Edited by Frans von der Dunk
Chapter 6: Legal aspects of the military uses of outer space
Since space activities from the beginning for a very large part were militarily oriented or related to defence and security issues, special attention has been paid to such aspects also in the legal context. Firstly, from this perspective, the 1967 Outer Space Treaty and 1979 Moon Agreement provided for some broad, albeit rather vague, clauses limiting the use of space for military purposes. Secondly, a few general treaties dealing with disarmament and arms control implicitly or explicitly but prominently included space-related issues, such as the 1963 and 1996 Test Ban Treaties or the 1972 bilateral US–Soviet ABM Treaty. Thirdly, as per Article III of the Outer Space Treaty, also general public international law related to the use of force or threat thereof (jus ad bello), the rights to self-defence, retaliation and countermeasures, and general humanitarian law (jus in bello) in principle apply to outer space and space activities. Fourthly, specific regimes, both international (the Missile Technology Control Regime (MTCR) and Wassenaar Arrangement), and national (the US International Traffic in Arms Regulations – ITARs), and even EU (following Regulation 1334/2000) regulations on the international trade in military or dual-use goods have substantially affected space activities.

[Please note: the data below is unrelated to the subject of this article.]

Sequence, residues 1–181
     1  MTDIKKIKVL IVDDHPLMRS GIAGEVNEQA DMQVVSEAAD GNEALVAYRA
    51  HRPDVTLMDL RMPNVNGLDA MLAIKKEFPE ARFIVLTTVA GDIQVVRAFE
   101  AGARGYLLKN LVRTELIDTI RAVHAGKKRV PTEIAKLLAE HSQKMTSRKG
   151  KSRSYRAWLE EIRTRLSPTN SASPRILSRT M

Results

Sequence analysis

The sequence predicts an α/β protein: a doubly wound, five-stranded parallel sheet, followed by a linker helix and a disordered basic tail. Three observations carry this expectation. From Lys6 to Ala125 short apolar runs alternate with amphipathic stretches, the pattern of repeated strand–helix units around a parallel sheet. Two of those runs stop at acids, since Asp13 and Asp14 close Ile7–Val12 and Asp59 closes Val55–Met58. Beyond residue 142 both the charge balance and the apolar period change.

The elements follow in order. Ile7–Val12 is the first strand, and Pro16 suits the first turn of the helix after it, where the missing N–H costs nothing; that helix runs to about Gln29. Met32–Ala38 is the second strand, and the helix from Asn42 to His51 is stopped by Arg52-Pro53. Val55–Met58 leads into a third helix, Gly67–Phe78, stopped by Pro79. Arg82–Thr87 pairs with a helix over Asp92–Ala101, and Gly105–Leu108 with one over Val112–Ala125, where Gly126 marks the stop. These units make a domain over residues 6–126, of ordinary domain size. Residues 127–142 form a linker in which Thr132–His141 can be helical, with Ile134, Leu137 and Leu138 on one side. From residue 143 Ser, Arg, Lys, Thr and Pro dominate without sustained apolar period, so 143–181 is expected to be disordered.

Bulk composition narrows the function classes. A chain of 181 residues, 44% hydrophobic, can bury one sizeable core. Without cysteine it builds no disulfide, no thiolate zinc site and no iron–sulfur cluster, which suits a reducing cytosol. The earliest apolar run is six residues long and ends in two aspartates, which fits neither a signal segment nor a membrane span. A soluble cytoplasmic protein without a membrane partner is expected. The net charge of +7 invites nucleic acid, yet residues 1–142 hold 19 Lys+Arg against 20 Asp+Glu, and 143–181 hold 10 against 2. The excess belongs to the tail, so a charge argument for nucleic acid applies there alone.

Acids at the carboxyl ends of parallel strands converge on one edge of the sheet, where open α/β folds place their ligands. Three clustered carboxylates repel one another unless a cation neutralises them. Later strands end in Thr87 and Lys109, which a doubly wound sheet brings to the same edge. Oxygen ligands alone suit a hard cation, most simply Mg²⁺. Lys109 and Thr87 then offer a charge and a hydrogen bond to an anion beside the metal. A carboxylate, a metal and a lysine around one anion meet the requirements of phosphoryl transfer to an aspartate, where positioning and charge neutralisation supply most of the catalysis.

You are not authenticated to view the full text of this chapter or article.
Elgaronline requires a subscription or purchase to access the full text of books or journals. Please login through your library system or with your personal username and password on the homepage.
Non-subscribers can freely search the site, view abstracts/ extracts and download selected front matter and introductory chapters for personal use.
Your library may not have purchased all subject areas. If you are authenticated and think you should have access to this title, please contact your librarian.